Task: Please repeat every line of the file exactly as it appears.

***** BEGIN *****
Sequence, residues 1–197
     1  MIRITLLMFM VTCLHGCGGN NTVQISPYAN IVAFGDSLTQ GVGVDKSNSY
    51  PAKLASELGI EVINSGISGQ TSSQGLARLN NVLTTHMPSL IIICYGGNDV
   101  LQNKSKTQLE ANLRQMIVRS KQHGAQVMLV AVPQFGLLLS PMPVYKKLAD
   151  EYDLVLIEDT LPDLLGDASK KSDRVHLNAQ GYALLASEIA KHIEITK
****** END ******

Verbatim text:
Sequence, residues 1–197
     1  MIRITLLMFM VTCLHGCGGN NTVQISPYAN IVAFGDSLTQ GVGVDKSNSY
    51  PAKLASELGI EVINSGISGQ TSSQGLARLN NVLTTHMPSL IIICYGGNDV
   101  LQNKSKTQLE ANLRQMIVRS KQHGAQVMLV AVPQFGLLLS PMPVYKKLAD
   151  EYDLVLIEDT LPDLLGDASK KSDRVHLNAQ GYALLASEIA KHIEITK